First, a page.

The Sainte-Baume (en provençal: Massís de la Santa Bauma according to classical orthography and La Santo Baumo according to mistralian orthography) is a mountain ridge spreading between the départements of Bouches-du-Rhône and Var in southern France. Its summit is 1147 metres high.
John Cassian established a priory at Saint-Baume in the early fifth century.
According to the Tradition of Provence, Mary Magdalene, Lazare of Bethany, and Maximinus, one of the Seventy Disciples and some companions, expelled by persecutions from the Holy Land, traversed the Mediterranean in a frail boat with neither rudder nor mast and landed at the place called Saintes-Maries-de-la-Mer near Arles. Lazarus came to Marseille and converted the whole of Provence. Magdalene is said to have retired to a cave on a hill by Marseille, La Sainte-Baume ("Holy Cave", baumo in Provençal), where she gave herself up to a life of prayer and contemplation. The cave is now a Christian pilgrimage site.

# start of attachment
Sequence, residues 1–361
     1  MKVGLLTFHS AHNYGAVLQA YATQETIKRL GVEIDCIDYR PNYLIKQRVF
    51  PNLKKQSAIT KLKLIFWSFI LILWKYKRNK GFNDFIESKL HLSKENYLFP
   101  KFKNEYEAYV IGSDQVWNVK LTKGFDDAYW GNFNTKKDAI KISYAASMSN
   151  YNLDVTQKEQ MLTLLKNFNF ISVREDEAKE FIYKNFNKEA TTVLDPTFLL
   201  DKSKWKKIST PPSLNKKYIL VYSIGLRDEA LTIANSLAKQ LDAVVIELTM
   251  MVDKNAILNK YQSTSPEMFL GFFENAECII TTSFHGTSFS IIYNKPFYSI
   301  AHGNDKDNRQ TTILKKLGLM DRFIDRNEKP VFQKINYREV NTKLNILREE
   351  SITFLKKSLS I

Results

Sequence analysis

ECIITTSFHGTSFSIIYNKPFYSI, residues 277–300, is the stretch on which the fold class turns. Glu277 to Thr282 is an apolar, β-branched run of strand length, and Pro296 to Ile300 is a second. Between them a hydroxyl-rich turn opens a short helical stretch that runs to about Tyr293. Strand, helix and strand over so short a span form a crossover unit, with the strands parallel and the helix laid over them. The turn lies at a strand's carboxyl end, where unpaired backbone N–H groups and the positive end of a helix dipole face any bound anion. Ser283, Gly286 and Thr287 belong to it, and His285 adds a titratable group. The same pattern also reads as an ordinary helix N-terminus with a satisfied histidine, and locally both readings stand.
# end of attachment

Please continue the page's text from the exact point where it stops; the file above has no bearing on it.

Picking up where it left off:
Louis IX of France visited the grotto in 1254. The site was under the management of the Dominicans when it was pillaged during the French Revolution. They subsequently returned in 1859 at the behest of Jean-Baptiste Henri Lacordaire.
In 1941, a hostel and school were established to serve as refuge for those fleeing Nazi persecution.
|Wikimedia Commons has media related to Sainte-Baume.|
- Site Personnel sur le massif
- Association Découverte-Sainte-Baume
- Pèlerinage de Marie-Madeleine at the Library of Congress Web Archives (archived 2013-04-04)